Hygiene Queen, RN Guide 23,631 Views
Joined Sep 13, '07.
Posts: 2,356 (72% Liked)
I've lost almost 40 lbs. since my husband died in July. Not only did my appetite diminish, so did my stomach capacity. It takes only a little food to satisfy me. I eat whatever I want, but I haven't had soda (not even diet) in months and I make better food choices most of the time. I don't eat much sweets anymore either. I think that has a lot to do with the weight loss. I don't recommend losing a spouse as a way to shed pounds, but I might as well take advantage of it and go with the flow.
Lol my dad always calls me nurse ratchet...
Wow I can't tell y'all how much your responses have helped me gain clarity on this issue. I had to recover one of his surgical patients today and he kept his contact with me at an absolute bare minimal level... which is fine with me as long as we take care of the patient. My unit manager and charge nurses are aware of this and have witnessed some of his comments to me and they have my back and a few people have made comments to him about easing up. I'm prepared for him and his antics now and the last time he yelled at me I stood my ground. Another physician overhead the exchange and told me later "Great job! Keep standing your ground with him. Stay professional but stay strong. If he doesn't stop, write him up!" This from a physician who gives very few compliments. Made my day and helped me feel validated and confident. So today was a great day. Everyone e kept their cool and the patient was safe. That's a win anyway. Here's to hoping the trend continues.
I work 2nd shift in long term care.
My hallmate and I make a real effort to give the best care possible. We have a difficult group. There are 21 residents between the 2 of us with the major majority being total care or 2 assist &/or light riders.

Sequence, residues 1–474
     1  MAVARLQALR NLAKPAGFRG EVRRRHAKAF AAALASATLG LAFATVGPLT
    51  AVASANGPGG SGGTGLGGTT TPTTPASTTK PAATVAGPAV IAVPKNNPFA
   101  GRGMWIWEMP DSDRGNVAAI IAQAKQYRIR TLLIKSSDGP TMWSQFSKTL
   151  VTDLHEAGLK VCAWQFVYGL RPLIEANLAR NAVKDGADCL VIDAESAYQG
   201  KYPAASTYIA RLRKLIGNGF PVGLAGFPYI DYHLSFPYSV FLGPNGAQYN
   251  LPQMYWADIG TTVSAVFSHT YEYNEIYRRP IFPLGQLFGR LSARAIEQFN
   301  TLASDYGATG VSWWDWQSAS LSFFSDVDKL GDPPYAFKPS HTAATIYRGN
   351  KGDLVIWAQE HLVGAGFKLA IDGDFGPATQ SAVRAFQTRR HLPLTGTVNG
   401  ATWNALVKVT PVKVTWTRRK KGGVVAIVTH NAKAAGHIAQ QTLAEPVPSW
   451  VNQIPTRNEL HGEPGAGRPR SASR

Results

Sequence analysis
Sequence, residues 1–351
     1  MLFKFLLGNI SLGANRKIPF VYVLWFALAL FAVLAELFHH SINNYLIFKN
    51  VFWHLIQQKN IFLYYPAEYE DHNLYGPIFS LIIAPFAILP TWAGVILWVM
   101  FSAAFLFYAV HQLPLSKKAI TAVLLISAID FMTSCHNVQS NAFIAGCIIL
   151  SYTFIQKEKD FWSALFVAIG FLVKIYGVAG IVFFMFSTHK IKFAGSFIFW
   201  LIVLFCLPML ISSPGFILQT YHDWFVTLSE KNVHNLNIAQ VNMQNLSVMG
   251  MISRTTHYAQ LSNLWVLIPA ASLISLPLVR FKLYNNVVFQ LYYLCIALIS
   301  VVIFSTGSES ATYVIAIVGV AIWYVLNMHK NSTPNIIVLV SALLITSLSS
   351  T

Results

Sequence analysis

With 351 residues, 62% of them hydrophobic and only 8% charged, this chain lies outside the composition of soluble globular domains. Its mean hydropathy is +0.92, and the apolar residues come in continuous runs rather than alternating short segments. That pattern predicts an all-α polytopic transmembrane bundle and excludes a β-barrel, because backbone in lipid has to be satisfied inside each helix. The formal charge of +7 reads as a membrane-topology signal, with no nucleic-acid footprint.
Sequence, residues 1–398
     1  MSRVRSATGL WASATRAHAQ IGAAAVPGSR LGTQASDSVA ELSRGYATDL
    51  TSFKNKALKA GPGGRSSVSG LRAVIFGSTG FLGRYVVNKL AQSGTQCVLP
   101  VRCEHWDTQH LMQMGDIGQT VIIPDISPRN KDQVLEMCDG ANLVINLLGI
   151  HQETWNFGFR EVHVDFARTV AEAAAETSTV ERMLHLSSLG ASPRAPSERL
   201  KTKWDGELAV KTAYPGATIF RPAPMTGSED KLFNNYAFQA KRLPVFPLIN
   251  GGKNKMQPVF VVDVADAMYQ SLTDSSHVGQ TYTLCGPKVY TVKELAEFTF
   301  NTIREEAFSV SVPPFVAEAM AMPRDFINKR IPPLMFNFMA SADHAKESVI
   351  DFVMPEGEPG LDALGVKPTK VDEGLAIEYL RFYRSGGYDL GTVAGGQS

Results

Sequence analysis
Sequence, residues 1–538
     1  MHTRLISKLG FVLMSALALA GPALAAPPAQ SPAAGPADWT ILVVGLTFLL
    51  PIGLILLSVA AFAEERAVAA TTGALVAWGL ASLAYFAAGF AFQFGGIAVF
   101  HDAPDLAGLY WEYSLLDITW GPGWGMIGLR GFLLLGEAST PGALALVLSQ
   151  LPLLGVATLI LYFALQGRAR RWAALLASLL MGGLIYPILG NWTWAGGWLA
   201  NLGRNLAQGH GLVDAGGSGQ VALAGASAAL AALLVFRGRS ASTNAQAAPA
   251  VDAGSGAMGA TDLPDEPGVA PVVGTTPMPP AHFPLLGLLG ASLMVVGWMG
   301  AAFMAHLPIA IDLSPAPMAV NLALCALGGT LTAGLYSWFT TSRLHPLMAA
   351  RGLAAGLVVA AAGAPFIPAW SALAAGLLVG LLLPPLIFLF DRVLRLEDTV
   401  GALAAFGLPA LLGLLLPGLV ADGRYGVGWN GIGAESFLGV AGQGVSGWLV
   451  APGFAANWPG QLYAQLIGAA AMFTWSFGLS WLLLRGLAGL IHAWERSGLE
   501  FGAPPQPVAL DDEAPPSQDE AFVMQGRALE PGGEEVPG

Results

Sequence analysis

Two of my hall mates recently left for other positions on different units because of the work load.
I spoke to my nurse the other night about feeling overwhelemed and concerned the residents weren't getting the needed/deserved care.
she admitted she knew its a tough group. She then threatened to write me up if I couldn't keep up with the work load! This was a nurse I worked well with and trusted to listen to my concerns.
Now, I don't want to go into work because I feel no matter how hard I try, it won't be good enough. I'm feeling like I won't give 100% any more. No more LITERALLY running from room to room instead of walk...just answer the call lights (same ones every 10 minutes) in "less than 5 minutes" and if the total cares go without changes for 5 hours and others are still up in their chairs at 10pm....at least the call lights are answered and I repositioned everyone who needed to be every 2 hours...
NEVER in my 20+ years of being a CNA have I felt SO frustrated and stressed in my job...and I have NEVER dreaded going into work like I do now.
Just needed to vent because noone else will listen.
I'll run errands in my scrubs. I don't wear my ID badge, so no one knows I'm a nurse and therefore I don't get pestered with questions.
Until the hospital provides me with a secured, changing room with my own full size private locker I will continue wearing scrubs everywhere after and before work.
Symbol of subservience to doctors?? Really? Where the heck did that come from? I went to nursing school...yes, a 3 year TRAINING program, that put out some of the best prepared and ready to perform nurses around. The cap was a symbol of accomplishment....the stripe according to the color depicted the years of training you had completed and finally the black strip indicated that you had graduated and were now a fully trained and prepared RN. So, under no circumstances did I or any of my classmates ever think the cap was a symbol of subservience. That being said, wearing a cap has mostly gone by the wayside. They are not easily cleaned and can carry disgusting stuff, and they also get in the way, particularly in a busy ICU or ER...bumping on equipment. Still, I loved the cap and the whites. Some of the outfits I see on new young nurses are very unprofessional and disturbing (low cut scrub pants with string bikini showing over top of them) and skin tight scrubs...just to name a few. What profession are those young women really in?? And the men whose crackage shows when they bend over to do something. Clean, crisp, bright and well fitting scrubs are the best. It is so important to all of us, young or old, to project a professional image.